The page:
In February the first stage of our fibre network in South Sudan went live. This comprises a 200km subterranean optical fibre backbone, connecting the border of Uganda through Nimule to the South Sudanese capital city Juba. Two metro clusters, totalling 18km have been built in the CBD with more to follow this year.
This brings affordable and reliable high-speed internet connectivity for the first time to the 13m citizens of South Sudan, as well as thousands of businesses and government institutions.
NGOs were early customers and are using the network to provide connectivity to their aid missions across the country.
Their new networks in DRC and SS are both open access and available to other wholesale carriers as well as ISPs and MNOs.
Their networks in DRC and South Sudan interconnect to our 70,000km pan-African fibre network.
They are making reliable and affordable internet connectivity more readily available for millions of people and businesses in both countries - and ultimately creating a foundation for digital growth, innovation and prosperity in these war-torn countries
Orange Campus Africa
Access to education and training is a critical issue for Africa where it is a factor of equality, development and stability. On this continent where traditional means are notoriously insufficient (schools, universities, teachers, textbooks, etc.) the benefits of digital technology is now obvious to all players in the ecosystem.
This conviction was reinforced when schools and universities were closed in the context of the health crisis. Orange Middle East and Africa has made free the mobile connections to a selection of scholar, cultural and university content. The equivalent of ten million mobile plans dedicated to education and training were distributed for free. This episode demonstrated that content providers and populations are ready for these new uses.
However, the digital transformation of African school and university systems can only be achieved if they have the tools that are suited to them, that they can appropriate and ultimately become their tools.
This is why Orange, in partnership with the Virtual University of Senegal, launched Orange Campus Africa in 15 Sub-African countries: a training platform hosted in Africa, managed by Africans, adapted to the needs of Africans, open to players in education and training, whatever their size and technical expertise.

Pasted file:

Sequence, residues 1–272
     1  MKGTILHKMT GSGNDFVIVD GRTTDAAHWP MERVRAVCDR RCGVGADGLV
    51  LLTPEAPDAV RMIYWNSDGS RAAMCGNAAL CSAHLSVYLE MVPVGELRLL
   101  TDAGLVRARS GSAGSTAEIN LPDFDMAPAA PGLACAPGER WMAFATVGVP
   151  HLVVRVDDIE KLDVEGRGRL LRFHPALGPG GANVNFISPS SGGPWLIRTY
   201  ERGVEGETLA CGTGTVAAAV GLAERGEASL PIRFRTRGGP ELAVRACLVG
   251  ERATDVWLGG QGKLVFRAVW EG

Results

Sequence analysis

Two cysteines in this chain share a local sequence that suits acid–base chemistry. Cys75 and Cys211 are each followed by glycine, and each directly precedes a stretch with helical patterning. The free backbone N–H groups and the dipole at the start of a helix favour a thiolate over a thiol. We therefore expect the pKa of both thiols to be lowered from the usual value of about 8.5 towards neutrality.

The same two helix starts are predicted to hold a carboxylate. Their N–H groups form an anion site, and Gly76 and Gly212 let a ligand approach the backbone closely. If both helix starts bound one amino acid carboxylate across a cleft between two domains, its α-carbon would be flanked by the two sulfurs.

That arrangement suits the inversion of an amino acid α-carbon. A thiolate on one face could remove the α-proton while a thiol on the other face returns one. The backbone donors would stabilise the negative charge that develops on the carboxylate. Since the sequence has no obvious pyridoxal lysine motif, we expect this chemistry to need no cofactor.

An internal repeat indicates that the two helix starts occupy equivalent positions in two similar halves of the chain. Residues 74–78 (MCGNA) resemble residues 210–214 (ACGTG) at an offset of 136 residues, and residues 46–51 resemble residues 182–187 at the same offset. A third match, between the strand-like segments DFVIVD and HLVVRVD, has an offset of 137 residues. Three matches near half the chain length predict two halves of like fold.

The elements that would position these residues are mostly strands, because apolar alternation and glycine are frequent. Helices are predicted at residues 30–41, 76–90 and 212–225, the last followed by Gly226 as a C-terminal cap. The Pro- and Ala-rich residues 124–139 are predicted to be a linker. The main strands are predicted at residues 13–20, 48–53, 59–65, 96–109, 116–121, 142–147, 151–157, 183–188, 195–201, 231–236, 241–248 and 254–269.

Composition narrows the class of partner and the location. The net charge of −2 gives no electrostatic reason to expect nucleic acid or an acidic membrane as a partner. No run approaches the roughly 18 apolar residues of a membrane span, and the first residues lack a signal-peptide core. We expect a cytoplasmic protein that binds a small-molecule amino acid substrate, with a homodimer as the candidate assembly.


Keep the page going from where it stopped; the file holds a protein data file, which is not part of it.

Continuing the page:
Thanks to this platform:
- African universities will be able to base their teaching on online training provided by other universities, international and local. They will thus be able to teach in new fields, in particular related to the digital economy, which facilitate employment of new graduated students and the development of countries. A greater number of students will be able to follow the universities courses and become graduate thanks to blended learning.
- The universities will be able to host their own training when they begin to create them, avoiding the technical aspects, focusing on their mission: teaching.
- Students and professionals will be able to take courses on an individual initiative, to complete their studies or progress in their employment.
Parallel Wireless ALL G Open RAN
MTN, Orange and Vodafone are deploying Open RAN across Africa to provide 2G, 3G, 4G and 5G services in the future. Because of easy deployments, the solution can enable coverage for urban and rural consumers.
High operational cost and deployment complexity of low ARPU deployments have prevented African MNOs from bringing coverage to those areas in the past. Traditional 2G voice only and broadband 3G or 4G networks require several high-cost and bulky equipment to deploy and operate. These types of equipment need large spaces to store, have a short life cycle and consume energy. Besides, hardware-based networks are difficult to upgrade. By shifting networks to Parallel Wireless' All G Open RAN, telecom operators can overcome these problems and deliver coverage at much lower cost by enabling connectivity through simplifying installation and increasing flexibility and sustainability through PW's software.
The biggest advantage of All G Open RAN is that it brings down the capital as well as operational expense and at the same time improves the experience for the end consumer. The upcoming 5G technology is not just about coming up with new services, but also is a chance for the service providers to leverage virtualization to simplify the networks.